All the News That's Fit to Print: Fred Tomaselli on His New York Times Collage Series

All the News That's Fit to Print: Fred Tomaselli on His New York Times Collage Series
Artist Fred Tomaselli

It’s been almost a decade since Fred Tomaselli stopped using drugs—that is, stopped encasing actual hallucinogen and stimulant pills in his dizzying, large-scale paintings. Today he's looking for other, less expected ways of transporting the viewer to mystical realities.

On a May afternoon in his cavernous studio in Bushwick, Brooklyn, Tomaselli pulled out long drawers containing hundreds of cutouts: butterfly wings, fig leaves, human mouths. The Lilliputian-sized pictures sourced from field-guides and celebrity magazines are arranged here like a natural history collection by genus, species, size, and color. (Aside from being a product of 1970s California drug culture, Tomaselli is something of a naturalist.) His collaged works, which look like psychedelic landscapes and repositories of our overloaded visual culture, tend to usher in transcendent, koan-like subject matter with a scope much larger than the monadic self.

Tomaselli's latest show, closing Saturday at James Cohan Gallery in New York, underscores the social and political components of his art, particularly in his recent New York Times works. In the new series, he collages over the photographs of the front-page stories: above a tornado-razed Midwestern town looms a funnel-like cloud made of eyeballs (reinterpreting the eye of the storm?); an exploding bomb in Afghanistan transforms into hallucinogenic Ben-Day dots; Vladimir Putin is rendered as a naked woman accompanied by clothed cronies.

On a recent studio visit, Tomaselli talked to Artspace about why he began artfully editing the Times 9 years ago, and the inherent ambiguity of good political art.

Penetrators (Large), 2012
Edited from an interview with Fred Tomaselli

The nature prints in the new show are very Freudian. Take the bird jamming her beak into the snake’s open mouth, much like a mom bird would into a baby bird’s with a mouthful of guts. But it is also sort of sexual—the penetration—and Darwinian, in that they are trying to devour or attack one another. It's the same sort of social Darwinism that I saw on the front pages of the Times . People are doing the same fucking, eating, and killing. Those corollaries just started drifting and migrating across the works.

Every morning, I get the Times and see what's on the front page. I used to scrutinize it for the news. Now, I scrutinize it for the news and for what it might deliver to me as an artist. I’m a collagist, so I’m really interested in this idea of working with collectivist culture, here, the high mind of humanity. In my collages, I use all these images that are made by others. They come through my hands and they end up being something else. You could call me the conductor of these images.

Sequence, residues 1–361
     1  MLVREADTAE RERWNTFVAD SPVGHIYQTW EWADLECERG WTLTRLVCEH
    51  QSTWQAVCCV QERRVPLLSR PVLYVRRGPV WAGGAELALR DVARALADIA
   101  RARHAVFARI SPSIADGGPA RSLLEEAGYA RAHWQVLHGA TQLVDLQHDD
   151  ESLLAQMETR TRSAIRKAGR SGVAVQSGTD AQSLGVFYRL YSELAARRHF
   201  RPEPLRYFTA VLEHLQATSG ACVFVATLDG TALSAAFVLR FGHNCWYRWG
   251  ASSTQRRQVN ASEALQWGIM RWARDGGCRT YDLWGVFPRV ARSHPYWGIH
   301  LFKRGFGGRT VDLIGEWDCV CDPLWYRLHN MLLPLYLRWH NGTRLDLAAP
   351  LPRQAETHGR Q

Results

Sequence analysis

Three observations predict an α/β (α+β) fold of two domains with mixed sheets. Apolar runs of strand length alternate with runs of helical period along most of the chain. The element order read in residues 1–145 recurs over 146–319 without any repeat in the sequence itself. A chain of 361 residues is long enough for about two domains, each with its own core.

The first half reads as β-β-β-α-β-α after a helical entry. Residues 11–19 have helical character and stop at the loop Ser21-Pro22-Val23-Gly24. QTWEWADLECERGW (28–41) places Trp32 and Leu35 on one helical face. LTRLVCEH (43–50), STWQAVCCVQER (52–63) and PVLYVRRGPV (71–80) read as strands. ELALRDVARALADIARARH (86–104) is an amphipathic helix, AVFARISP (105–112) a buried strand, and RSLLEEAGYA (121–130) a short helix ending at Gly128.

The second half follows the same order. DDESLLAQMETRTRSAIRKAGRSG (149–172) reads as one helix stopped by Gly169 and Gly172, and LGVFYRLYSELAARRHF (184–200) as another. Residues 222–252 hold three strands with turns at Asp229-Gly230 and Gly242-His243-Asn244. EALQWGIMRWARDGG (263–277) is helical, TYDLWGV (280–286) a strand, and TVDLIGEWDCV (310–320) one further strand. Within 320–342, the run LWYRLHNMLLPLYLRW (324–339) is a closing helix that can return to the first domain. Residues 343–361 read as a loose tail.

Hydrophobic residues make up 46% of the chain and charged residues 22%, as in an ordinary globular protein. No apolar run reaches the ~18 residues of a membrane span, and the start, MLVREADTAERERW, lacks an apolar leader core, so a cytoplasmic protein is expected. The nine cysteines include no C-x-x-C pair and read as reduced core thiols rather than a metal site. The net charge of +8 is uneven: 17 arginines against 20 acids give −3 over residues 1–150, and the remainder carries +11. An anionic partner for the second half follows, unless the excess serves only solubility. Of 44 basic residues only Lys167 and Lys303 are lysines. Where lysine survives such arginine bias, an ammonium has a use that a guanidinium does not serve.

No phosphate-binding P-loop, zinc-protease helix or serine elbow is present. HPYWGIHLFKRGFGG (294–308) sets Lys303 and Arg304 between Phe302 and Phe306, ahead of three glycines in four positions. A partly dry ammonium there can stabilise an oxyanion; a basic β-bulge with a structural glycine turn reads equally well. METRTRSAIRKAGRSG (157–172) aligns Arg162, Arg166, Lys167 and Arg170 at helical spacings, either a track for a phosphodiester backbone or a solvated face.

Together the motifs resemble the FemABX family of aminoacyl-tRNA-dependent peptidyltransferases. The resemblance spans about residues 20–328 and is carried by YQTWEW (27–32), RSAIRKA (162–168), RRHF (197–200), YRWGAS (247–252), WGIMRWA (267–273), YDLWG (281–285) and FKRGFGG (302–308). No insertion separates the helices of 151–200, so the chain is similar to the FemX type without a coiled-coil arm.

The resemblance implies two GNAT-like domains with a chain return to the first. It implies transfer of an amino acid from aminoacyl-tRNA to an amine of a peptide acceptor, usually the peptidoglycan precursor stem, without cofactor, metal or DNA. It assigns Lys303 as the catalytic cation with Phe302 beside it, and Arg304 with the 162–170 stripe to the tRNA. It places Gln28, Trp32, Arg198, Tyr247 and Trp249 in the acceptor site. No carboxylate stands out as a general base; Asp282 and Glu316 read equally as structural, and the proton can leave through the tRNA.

There's something similar about how newspapers operate, with their editors, fact-checkers, photographers, and writers all coming together to spotlight certain things and omit others. They try to present themselves as objective entities, but they are anything but that. I love the idea that in my work I’m just another subjective voice in this subjective world of the news. I become another editor, imposing my editorial acumen.

There's something similar about how newspapers operate, with their editors, fact-checkers, photographers, and writers

And while I'm an Occupy Wall Street-style progressive guy, the underlying politics of the works are more like Joan Mir ó ’s when he was doing the constellation drawings during World War II. He made incredibly cosmic, beautiful things at the height of the war, when he was moving around and the Nazis were fucking everything up. And in a funny way, even though his work doesn’t propose to be political, it seems to me to be inherently political, in so far as it insists on art and culture in a time of carnage. I’m sort of saying the same thing with my work. My drawings on the front page acknowledge the horror of the world, bracketing these images.

There are certain ones that are explicit, like maybe when I made Putin into a naked lady. I’m poking fun, and engaging in political satire. But for the most part, the stuff I do to the Times is weirder than that—and it’s harder to really make heads or tails of what I was “trying to say.” And so I like to think it’s ambiguous.

The tropes that I use in my work are drawn from the objects and psychoactive material and media floating around me

The tropes that I use in my work are drawn from the objects and psychoactive material and media floating around me. I listen to a lot of NPR in the studio, for instance, and occasionally, to get the other side of things, to right wing talk radio, which freaks everybody out. But I like to know what the opposition is saying. All of that stuff enters my brain and is part of the fluidity of my mind and the conversation that goes on in the studio. I almost think of the studio as a little paradise I go into and make art, that is punctured repeatedly throughout the day by news from the outside: the Ukrainian civil war, the Haitian earthquake, the nuclear reactors melting down, the shooting in Colorado, just one thing after another.

But there's another side to that. The news is a place that people go to in order to escape. It’s another world. In some respects, it becomes peoples’ whole world. Like a shut-in who is only reading about crime in the streets all the time and becomes increasingly paranoid to the point where they won’t leave their house anymore. It affects their waking reality. As an artist, I’m interested in all these places that we lose ourselves, whether its cinema, books, theater, the Internet, plastic surgery—there are all kinds of ways we mutate ourselves and mutate reality.


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